started he was ineffective in trying to stop it. “To celebrate his marriage to Alexandra, Nicholas
held a customary banquet for his subjects. This traditional wedding feast
turned into a stampeding mass of humanity as people – trying to grab morsels of
food – crushed each other” (Cox, 2017). After the banquet was
finished many people died, and Nicholas was
criticized for not canceling plans to attend a celebratory ball in his honor.
His uncles encouraged him to attend the ball, because they felt it would be
rude not to attend. It was unprofessional and not appropriate for a man like
the Tsar to throw such a banquet without thinking about the repercussions this
event may have, therefore; it left a very bad impression on the Tsar by his


Russia has been forever changed since the revolution. The Tsar had a
public opinion that was negative by most which led to the Revolution. His
personality and weak-minded nature created complications for him because he
neglected to notice and attempt to fix many situations thoughtfully. His
solutions to “fixing” Russia made it so much more noticeable that he had very
little previous experience in government and in fact made things worse. This in
turn meant that he was a constant symbol of Russia’s failings which led to
vulnerability throughout Russia. After
Lenin’s government secured power, its first major goal was to get Russia out
of the War. After his Decree on Peace, Lenin sent out diplomatic notes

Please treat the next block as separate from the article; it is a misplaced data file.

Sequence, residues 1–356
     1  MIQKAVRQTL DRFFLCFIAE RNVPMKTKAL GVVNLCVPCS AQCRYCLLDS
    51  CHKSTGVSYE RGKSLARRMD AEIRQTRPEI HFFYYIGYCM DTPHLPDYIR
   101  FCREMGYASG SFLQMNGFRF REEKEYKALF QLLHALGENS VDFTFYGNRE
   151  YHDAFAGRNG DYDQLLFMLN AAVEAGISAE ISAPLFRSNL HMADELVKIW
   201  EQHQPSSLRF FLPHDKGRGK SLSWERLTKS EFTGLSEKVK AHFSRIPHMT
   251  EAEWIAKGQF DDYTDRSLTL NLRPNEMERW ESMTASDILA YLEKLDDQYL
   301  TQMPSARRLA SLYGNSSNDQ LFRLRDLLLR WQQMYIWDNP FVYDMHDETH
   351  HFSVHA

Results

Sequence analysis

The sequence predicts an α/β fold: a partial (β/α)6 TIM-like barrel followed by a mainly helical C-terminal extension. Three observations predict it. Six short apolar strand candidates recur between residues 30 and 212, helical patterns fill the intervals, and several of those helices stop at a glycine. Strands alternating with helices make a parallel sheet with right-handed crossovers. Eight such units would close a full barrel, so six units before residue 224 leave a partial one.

calling for everyone to stop fighting immediately if they did not want Russia
to seek a separate peace. The effort was ignored, however; on December 15,
Russia signed an armistice with Germany and Austria. In the peace, Lenin
consented to give up most of Russia’s territorial gains. Eventually, the
Soviets would regain these territories at the end of World War II. However,
Russia remains a communist country with arguably more issues now than ever













Batra, V.
(2015, November). THe successes and failures of Tsar Nicholas ll Between
1894 and 1917. Retrieved from Vedant blog:


(2016, August 25). Alexandra Feodorovna. Retrieved from The :


Bos, C.
(2018, January 17). Nicholas ll Abdicates. Retrieved from


Cox, S.
(2017, August 15). End of Empire. Retrieved from ati:


M. (1923). An Ambassador’s Memoirs. Retrieved from New York Doran:>


Tutor, M.
(2016). Why did the Romanov Dynasty Collapse in 1917? Retrieved from My
tutor :>


Massie, R.
K. (1967). Nicholas and Alexander The story of the love that ended an empier .
In R. K. Massie, Nicholas and Alexander The story of the love that ended an
empier (p. 293). Canada, Toronto: Atheneum Publishers .